Another factor that makes project management one the best MBA careers? It’s a growing field, with competitive salaries approaching six figures.

5. Financial Manager

In today’s competitive business environment, exceptional financial management can be the difference between a successful and a struggling enterprise. Companies rely on knowledgeable financial managers to oversee all aspects of their fiscal picture, setting organizational goals, managing financial transactions, evaluating performance and ensuring regulatory compliance and adherence to industry best practices. Some of the specific responsibilities within financial management include competitive analysis, budget allocation and oversight, merger and acquisition management, global transaction management, and raising capital.

Many companies require financial managers to have an MBA with a concentration in finance; some also seek individuals with certifications as well. The Bureau of Labor Statistics projects 16% growth in the field from 2018-2028 and reports median salaries in the $120,000 range.

6. Consultant

Companies that wish to re-energize or restructure their organizations often turn to consultants for insight and guidance from an objective third party. Management consultants help companies evaluate where they currently stand, set achievable goals for the future, and work with them to develop and implement plans that make those goals a reality. Some of the specific problems they may address include management issues, cost overruns, worker morale and productivity, and other internal and structural issues within the organization, often with an eye toward increasing revenues. Consultants may also work with established organizations wishing to expand into new markets or facing substantial regulatory or industry changes.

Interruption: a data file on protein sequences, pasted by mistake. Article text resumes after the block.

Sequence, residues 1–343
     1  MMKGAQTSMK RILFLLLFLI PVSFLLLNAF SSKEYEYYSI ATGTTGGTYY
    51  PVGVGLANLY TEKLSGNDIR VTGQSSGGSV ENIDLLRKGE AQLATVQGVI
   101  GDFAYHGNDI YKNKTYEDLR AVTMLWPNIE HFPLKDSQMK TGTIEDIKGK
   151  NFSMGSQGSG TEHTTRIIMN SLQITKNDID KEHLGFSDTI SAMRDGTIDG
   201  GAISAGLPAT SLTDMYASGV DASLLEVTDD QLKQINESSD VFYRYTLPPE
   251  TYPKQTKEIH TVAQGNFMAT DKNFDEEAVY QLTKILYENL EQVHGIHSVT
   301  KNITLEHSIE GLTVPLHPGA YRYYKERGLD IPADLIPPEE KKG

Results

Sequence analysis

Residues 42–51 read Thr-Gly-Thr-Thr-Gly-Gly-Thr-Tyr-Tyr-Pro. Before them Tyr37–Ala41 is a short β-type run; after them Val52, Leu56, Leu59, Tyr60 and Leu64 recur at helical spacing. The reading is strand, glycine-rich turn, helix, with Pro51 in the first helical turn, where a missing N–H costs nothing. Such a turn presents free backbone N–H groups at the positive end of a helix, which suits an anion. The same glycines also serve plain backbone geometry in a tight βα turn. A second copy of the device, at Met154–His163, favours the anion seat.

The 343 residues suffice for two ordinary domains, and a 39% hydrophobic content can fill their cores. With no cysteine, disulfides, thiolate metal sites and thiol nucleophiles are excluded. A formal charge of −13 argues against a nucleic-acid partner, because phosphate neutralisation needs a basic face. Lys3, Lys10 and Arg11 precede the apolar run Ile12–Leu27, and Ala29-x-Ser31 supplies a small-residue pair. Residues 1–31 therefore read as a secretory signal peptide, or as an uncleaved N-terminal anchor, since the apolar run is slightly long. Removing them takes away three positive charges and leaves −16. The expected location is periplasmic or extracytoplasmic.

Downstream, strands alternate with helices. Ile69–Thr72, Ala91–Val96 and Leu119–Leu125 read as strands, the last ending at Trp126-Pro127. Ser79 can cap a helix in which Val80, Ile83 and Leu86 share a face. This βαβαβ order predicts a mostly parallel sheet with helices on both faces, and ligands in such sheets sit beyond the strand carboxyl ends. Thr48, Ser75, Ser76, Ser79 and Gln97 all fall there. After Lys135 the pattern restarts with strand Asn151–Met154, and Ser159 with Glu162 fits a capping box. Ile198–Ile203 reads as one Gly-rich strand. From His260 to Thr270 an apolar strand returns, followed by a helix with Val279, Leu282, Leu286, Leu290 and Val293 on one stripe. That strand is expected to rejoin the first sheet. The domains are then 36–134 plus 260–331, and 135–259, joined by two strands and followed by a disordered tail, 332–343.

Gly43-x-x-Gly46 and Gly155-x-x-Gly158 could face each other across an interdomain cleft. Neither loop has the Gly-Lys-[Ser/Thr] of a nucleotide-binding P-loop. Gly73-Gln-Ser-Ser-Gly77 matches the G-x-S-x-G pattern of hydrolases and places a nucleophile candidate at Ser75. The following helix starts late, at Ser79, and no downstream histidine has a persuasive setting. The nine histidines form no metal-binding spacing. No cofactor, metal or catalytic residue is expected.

Because consultants tend to work directly with C-level executives and stakeholders, they are typically experienced professionals with many years of experience. That being said, established consulting firms often hire newer MBA graduates with work experience to work as part of consulting teams.

As more companies adjust to the changing business landscape, the consulting industry is growing faster than average. The BLS reports median salaries in the $80,000 range for management consultants.

7. Sales Manager

Sales managers are devoted to leading sales efforts and finding ways to deliver their products and services to their customers. At the most basic level, a sales manager is responsible for directing the efforts of a sales team by establishing territories, setting quotas and developing and delivering training, but the role is actually more in-depth than that. Sales managers identify a company’s customers and create sales strategies to attract them and keep them coming back. This includes data analysis, sales promotion planning and customer service.

An MBA with a general focus or a marketing focus would fit the needs of an aspiring sales manager. The BLS reports that the median salary for sales managers in 2018 was $124,220.

Conclusion

A business degree is a worthwhile investment, and MBAs are some of the most valued programs in the industry.

To learn more about business degree programs offered by Columbia Southern University, visit ColumbiaSouthern.edu/Business. And to make sure you take full advantage of your degree, the CSU Career Services Team has the resources to help you in your career search.

Related:
6 Reasons Why Online Degrees Are Worth It
4 Reasons Why a DBA Could be the Best Professional Decision You Ever Make
Is a Business Degree a Good Fit for Veterans?

Columbia Southern University does not guarantee that students or those who pursue these careers will earn the specific salaries listed.